|*** DECEMBER 2007 ***|
|FIRES, MOON, HIGH TECH COLLABORATIONS HIGHLIGHT|
|...Devastating wildfires, moon research and high tech Silicon Valley collaborations were top stories for NASA Ames |
California Wildfires: NASA helped firefighters battle some of the worst wildfires in the state's history. In September, NASA flew the remotely piloted Ikhana airplane and its instruments that can see through smoke over the Lick wildfire near Gilroy, Calif. NASA Ames developed the Autonomous Modular Sensor-Wildfire instrument to look through the smoke to see hot spots, flames and temperature differences. The data is then overlaid on maps and made available to fire incident commanders to assist them in allocating resources.
...NASA pilots again flew the Ikhana over numerous raging wildfires in Southern California. The flights were part of the Western States Fire Mission that demonstrated improved wildfire imaging and mapping capabilities of the sophisticated sensor and real-time data communications equipment developed at NASA Ames...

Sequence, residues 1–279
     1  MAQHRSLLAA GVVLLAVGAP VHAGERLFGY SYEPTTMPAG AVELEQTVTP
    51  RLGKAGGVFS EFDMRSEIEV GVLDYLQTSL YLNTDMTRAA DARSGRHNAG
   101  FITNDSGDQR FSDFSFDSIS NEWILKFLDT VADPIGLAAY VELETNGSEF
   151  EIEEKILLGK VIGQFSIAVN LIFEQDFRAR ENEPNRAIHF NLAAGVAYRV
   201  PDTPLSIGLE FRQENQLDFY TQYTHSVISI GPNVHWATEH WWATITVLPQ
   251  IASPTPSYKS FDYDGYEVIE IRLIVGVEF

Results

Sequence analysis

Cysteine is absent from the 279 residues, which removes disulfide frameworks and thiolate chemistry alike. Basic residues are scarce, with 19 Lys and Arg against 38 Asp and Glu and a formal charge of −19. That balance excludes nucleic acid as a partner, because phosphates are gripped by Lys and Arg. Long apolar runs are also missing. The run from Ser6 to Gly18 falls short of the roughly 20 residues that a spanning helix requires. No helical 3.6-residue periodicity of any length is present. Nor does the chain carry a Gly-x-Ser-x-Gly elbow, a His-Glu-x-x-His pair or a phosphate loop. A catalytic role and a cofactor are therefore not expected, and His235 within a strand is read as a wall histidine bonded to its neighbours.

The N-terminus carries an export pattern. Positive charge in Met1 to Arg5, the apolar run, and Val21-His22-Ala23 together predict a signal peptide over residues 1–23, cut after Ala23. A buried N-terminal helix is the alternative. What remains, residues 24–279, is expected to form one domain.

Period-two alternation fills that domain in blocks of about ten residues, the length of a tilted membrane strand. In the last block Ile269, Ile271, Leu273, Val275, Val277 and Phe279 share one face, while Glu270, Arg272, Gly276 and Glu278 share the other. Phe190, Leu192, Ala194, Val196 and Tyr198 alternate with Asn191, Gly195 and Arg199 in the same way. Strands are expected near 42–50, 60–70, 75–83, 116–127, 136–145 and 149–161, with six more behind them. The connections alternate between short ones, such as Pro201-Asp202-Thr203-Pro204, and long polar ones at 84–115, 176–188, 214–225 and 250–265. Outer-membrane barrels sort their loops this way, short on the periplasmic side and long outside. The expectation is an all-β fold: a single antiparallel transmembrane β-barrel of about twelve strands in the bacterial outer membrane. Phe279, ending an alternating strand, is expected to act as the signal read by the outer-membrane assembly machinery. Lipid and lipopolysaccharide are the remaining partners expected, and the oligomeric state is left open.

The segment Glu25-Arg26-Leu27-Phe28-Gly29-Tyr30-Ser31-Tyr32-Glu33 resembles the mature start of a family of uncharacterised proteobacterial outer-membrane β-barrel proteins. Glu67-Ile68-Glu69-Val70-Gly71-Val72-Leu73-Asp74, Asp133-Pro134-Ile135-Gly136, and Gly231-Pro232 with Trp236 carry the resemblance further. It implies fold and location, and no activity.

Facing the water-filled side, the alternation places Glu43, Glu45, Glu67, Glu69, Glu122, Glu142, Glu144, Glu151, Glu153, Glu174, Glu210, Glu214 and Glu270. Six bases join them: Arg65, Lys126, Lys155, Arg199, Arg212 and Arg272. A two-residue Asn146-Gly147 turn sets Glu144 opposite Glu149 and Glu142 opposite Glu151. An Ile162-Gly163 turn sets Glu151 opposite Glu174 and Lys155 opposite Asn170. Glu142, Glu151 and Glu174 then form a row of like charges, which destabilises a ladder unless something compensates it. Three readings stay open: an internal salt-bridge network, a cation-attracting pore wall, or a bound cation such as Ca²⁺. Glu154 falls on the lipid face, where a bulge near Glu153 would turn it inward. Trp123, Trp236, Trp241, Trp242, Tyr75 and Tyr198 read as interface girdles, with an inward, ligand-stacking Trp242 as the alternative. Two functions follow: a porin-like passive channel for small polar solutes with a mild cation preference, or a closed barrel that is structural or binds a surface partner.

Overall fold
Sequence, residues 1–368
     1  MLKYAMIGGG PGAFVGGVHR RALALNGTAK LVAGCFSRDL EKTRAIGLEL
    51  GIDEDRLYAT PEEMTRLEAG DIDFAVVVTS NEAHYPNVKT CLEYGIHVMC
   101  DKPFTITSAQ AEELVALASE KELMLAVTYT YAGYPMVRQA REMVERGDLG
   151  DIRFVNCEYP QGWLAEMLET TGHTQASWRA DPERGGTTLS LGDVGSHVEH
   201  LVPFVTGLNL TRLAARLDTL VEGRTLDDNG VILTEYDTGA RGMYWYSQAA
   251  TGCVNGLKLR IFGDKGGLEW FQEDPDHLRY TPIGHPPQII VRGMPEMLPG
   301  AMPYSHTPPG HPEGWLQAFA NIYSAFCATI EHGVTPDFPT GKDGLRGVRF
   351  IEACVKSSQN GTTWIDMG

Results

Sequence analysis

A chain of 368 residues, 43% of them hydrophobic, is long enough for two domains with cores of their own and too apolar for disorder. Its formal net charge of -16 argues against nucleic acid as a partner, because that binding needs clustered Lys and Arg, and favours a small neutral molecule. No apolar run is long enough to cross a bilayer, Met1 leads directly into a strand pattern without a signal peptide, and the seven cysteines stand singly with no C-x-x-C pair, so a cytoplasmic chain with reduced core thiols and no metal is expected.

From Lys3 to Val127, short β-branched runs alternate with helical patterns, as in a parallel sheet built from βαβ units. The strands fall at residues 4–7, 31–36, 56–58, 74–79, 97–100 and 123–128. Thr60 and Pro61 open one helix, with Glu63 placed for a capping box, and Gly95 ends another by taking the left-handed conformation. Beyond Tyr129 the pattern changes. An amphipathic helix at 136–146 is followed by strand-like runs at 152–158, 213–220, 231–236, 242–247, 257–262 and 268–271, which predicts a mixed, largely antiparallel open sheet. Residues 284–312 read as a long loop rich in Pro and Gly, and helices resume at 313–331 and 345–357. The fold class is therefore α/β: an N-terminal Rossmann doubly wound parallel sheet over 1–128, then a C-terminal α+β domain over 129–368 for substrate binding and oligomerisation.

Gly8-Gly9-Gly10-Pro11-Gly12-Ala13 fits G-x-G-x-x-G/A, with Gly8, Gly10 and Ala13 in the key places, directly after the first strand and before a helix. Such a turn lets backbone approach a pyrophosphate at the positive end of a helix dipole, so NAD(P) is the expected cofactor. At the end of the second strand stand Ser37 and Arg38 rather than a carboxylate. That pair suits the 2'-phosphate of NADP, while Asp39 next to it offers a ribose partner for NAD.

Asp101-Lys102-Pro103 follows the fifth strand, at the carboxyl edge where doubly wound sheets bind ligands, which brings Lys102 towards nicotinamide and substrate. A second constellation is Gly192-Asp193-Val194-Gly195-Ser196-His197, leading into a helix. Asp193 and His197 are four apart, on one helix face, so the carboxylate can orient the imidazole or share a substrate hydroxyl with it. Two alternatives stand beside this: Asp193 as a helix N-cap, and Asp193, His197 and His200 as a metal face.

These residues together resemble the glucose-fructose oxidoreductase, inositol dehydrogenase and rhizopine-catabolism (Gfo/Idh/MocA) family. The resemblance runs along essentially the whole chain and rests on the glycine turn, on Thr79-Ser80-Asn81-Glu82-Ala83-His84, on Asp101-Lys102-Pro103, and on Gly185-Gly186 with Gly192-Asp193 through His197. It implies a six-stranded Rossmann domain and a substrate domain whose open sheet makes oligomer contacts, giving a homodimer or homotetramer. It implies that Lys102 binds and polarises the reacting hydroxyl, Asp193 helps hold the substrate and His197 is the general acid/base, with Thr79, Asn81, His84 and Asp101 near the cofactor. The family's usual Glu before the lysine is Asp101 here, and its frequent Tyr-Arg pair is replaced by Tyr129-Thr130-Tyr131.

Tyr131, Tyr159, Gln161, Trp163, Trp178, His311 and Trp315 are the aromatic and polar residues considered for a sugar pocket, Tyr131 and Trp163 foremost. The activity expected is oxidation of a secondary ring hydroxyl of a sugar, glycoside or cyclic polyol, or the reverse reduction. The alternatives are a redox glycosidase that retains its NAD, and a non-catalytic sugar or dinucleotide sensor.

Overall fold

|NASA STUDY REVEALS LESS WATER IN MARS' CLOUDS|
|...Martian clouds may contain less water than previously thought, according to a new NASA study. |
New NASA laboratory measurements of simulated martian clouds reveal that scientists may have been overestimating the amount of water in the planet's atmosphere.
"The martian clouds we are studying are composed of water ice, like some clouds on Earth. However, they are forming at very cold temperatures, often below minus 100 degrees Celsius (minus 212 degrees Fahrenheit)," said Tony Colaprete, a planetary scientist at NASA's Ames Research Center, Moffett Field, Calif. "What we have found in our laboratory studies is that it is much harder to initiate cloud formation at these cloud temperatures than what we thought," he explained.
"This difficulty results in larger cloud particles, which fall out of the atmosphere more quickly and, thus, result in less cloud mass and a drier atmosphere," Colaprete explained.